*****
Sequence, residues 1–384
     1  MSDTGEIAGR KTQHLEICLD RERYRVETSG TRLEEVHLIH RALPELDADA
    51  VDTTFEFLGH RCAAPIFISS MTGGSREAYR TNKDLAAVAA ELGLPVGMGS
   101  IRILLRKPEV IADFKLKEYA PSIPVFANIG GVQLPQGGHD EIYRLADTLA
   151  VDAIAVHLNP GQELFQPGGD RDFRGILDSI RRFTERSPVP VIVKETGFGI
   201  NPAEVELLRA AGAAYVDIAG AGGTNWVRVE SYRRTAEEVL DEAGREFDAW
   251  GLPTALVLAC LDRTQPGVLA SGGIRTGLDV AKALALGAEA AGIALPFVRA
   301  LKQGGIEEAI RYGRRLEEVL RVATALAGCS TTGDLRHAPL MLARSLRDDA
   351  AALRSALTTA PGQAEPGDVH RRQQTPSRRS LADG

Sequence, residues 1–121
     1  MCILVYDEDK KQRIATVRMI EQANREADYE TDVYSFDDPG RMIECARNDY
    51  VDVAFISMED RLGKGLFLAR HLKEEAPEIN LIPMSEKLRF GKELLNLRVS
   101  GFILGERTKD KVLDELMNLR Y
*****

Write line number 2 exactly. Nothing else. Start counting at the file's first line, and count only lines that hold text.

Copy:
     1  MSDTGEIAGR KTQHLEICLD RERYRVETSG TRLEEVHLIH RALPELDADA